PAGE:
About 85% of people staying at the center are asylum seekers, and the city is seeing high numbers of homeless people living in encampments.


“It feels like right now we do have a path forward with partnerships from MIRC and Developers Collaborative to work with the community to try and feed two birds with one seed to move asylum seekers into a space that’s more conducive to their needs, and to open up space in the Homeless Services Center, to address the needs of people who are unhoused,” said City Councilor Andrew Zarro.

Still, some residents expressed concerns about the new shelter plans.

“It feels like Riverton is being left without a voice,” said George Folster, who lives in the neighborhood and said he felt the proposal was rushed.

“Many of my neighbors are still unsure about the proposed location and I’m hearing different locations for where people think it is,” Folster said. “Having the vote after tomorrow’s informational session, I think, would make for a much more inclusive government process.”

Cathy Laferriere said she lives across from the shelter and can see it from her porch. “There’s no transportation. How will people get there?” she said. “I was fully aware this was an industrial road, not an encampment and not a place where people would just appear. 180 beds? I don’t live in an apartment complex, and I didn’t choose that.”

The city will provide services for the first 18 months at the new shelter including cultural orientation and help understanding life in the U.S., on-site housing navigators to assist with housing applications and coordination of third-party services from outside providers in the areas of health, education and the asylum process.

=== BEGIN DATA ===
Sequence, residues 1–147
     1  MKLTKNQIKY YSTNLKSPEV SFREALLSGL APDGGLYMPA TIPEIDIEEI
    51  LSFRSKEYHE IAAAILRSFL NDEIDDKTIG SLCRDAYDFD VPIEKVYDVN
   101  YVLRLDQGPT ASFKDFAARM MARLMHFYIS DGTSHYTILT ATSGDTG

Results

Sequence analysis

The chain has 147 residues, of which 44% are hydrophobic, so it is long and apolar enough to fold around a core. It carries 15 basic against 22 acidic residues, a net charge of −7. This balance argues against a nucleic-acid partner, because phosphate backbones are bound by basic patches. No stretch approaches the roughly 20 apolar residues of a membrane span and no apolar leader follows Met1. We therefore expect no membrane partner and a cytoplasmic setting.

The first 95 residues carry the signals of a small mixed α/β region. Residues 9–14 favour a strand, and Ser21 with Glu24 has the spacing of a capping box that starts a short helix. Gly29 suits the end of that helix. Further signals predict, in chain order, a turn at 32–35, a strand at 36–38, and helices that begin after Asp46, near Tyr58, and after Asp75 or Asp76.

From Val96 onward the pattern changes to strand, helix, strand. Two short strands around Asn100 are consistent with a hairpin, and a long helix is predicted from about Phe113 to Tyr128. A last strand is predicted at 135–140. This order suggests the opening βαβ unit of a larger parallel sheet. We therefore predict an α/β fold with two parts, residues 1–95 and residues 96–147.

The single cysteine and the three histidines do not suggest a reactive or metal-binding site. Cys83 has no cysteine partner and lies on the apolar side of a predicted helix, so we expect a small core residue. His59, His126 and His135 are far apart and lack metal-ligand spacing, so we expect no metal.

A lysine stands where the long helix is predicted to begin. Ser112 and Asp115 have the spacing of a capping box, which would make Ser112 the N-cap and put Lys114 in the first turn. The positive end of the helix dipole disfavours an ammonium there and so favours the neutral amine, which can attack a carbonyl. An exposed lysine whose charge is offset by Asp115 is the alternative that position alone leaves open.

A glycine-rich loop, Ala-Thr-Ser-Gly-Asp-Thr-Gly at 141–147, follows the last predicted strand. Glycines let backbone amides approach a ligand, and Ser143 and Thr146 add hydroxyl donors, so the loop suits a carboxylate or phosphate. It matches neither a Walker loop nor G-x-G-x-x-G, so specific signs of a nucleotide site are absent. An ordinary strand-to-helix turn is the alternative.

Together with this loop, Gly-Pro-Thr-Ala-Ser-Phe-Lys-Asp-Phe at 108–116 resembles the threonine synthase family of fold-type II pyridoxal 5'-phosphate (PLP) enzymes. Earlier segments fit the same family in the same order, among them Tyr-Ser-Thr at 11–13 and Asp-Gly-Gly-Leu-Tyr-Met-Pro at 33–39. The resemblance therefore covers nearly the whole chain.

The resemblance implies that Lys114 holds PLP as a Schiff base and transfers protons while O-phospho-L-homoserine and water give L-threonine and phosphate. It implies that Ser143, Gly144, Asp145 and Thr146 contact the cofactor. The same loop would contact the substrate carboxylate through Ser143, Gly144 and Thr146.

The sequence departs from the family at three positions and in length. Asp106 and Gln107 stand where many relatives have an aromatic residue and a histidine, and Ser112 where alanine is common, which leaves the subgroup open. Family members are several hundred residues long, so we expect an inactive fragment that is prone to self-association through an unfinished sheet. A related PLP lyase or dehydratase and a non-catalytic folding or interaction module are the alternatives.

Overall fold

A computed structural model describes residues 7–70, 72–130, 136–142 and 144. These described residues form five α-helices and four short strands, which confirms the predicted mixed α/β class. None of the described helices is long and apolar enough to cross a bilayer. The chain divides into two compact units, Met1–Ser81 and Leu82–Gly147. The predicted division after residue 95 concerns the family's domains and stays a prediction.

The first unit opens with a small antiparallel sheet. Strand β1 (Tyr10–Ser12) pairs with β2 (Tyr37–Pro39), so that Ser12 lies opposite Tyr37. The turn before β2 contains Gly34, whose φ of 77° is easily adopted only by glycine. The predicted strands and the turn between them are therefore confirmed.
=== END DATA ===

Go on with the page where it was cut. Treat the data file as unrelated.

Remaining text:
The city will also provide connections and transportation to community health providers and will train residents on how to use the Metro bus.

City Manager Danielle West said the city’s work will be paid for with funds already in the city budget, including General Assistance and donations raised to help asylum seekers, though if the funding needs change the council could be asked in the future to consider a budget amendment. The cost of the services was not immediately available Monday night, nor was the amount of donations the city has raised to date.

The coalition will be responsible for providing food and staff to prepare and serve meals throughout the life of the contract, and staff from the coalition will shadow city staff to prepare to possibly take over all services around or after 18 months.

Kevin Bunker, founder and principal at Developers Collaborative, said some work will need to be done to renovate the warehouse and convert it into a shelter, including adding bathrooms, showers and a kitchen and installing a new roof. He said he anticipates that work could be completed by November.

Bunker said he will also need to go to either the planning board or zoning board of appeals for approval of a change of use, though the contract stipulates that the project will be able to operate on an emergency basis, without final land use approvals, for six months.